Life As A Sober Mother

My writing is so sporadic now that I’m sober. I used to have a routine: get the kids off to school, gulp a few cups of coffee, take an amphetamine, and write. I was fast, certainly. I continued to meet deadlines under some really bizarre circumstances, which is part of why I was able to keep my addictions a secret for such a long time.

In sobriety, my urges to write are calmer and my thoughts have more clarity. I like to think that when I make it to the other side of this phase of being newly sober, I’ll actually be better at my job, but time will tell. In the meantime, I have to tell you about a man named John.

John is quirky and old and speaks metaphorically. I noticed his unusual behavior right away and identified him as an autistic even before he mentioned it. His mannerisms and verbiage gave it away – I know what to look for. John is a retired university professor. He wears suspenders and large spectacles and calls himself a feminist. Sometimes he wears ironic t-shirts and carries a briefcase. He stoops over a little.

I like John.

Part of the dilemma I face as a sober mother is the fact that I have a child who was recently diagnosed with Autism Spectrum Disorder, and even though we already know that parenthood doesn’t come with a handbook, if it did, parenting a child on the spectrum would mean that I would have to throw that hypothetical handbook into the garbage can and set fire to it.

And also? I have no idea how to be a parent sober. I also don’t know how to be a sober wife, a friend, or a human being, because I have spent the past 15 years (with a few brief breaks known as pregnancy) numbing my feelings with alcohol. Some days, I just hug my kids a lot and feed them Pop-Tarts and call it good. A sober mother isn’t perfect, but she is present.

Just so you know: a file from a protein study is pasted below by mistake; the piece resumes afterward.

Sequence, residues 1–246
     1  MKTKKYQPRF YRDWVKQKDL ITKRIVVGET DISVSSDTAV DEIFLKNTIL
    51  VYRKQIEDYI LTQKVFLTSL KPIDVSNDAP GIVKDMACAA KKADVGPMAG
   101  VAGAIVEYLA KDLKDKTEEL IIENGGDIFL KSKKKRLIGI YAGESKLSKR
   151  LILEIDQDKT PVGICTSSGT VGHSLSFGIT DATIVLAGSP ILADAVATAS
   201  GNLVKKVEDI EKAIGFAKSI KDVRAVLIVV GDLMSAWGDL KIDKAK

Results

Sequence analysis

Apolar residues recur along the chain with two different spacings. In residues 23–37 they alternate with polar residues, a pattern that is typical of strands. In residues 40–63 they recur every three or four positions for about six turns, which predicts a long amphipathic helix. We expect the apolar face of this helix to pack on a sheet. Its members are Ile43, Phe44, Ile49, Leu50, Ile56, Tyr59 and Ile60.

Maverick’s psychologist told me when he first presented us with the diagnosis that we needed to toss out everything we thought we knew about parenting. We are truly starting over from scratch, and I have a lot of wrongs that I need to make right. It’s kind of nice to just sit next to my 8-year-old and admit out loud that life is really hard but it’s also beautiful, and it’s going to be okay because we are finally on the right track. I think both of us are relieved, each in our own way, to finally have a label to attach to ourselves. There is freedom in having a concrete reason why I feel like I don’t belong anywhere, even though that reason is that I’m an alcoholic.

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I know I need to clear away the old ideas I had about what should be expected from my child (and from me), but I still feel like I’m rooted down in fear. Letting go of my old ideas means that I have to figure out what to do instead.

WHERE IS MY AUTISM PARENTING HANDBOOK?

Oh, that’s right. There isn’t one.

Today, I told John about Maverick. His eyes misted over and he leaned down intently, looked me directly in the face, and said the following words:

“You need to nurture him.

You need to let him rage and wail and say all of the things that the rest of the world will never understand. Let him feel safe with you. Be there for him. Nurture him. I can see that you’re a good mother. Forget about all the things you did wrong before today. Stop beating yourself up over the past.

Nurture your son – that’s what he needs from you.”

I’ve never talked to a man on the spectrum before about my spectrumy kid, but I am so, so glad I did. I gained so much insight from a brief conversation, and I left feeling like maybe what I’ve been doing is good enough, after all.

Nurture him. I can do that today.

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Pick Up The Phone: Being Responsible For Your Own Happiness

My platform is rooted in honesty.

Lately I’ve felt like a liar because I used to be a humor writer, I think. But then a lot of bad things happened in my life, and I couldn’t find humor as much anymore. But you guys stick with me anyway, even when I write about things like my mom having cancer and about my need for anxiety medication and my uncle getting murdered in my childhood home, and my head injury which, let’s face it, COMPLETELY KNOCKED ME OFF MY GAME.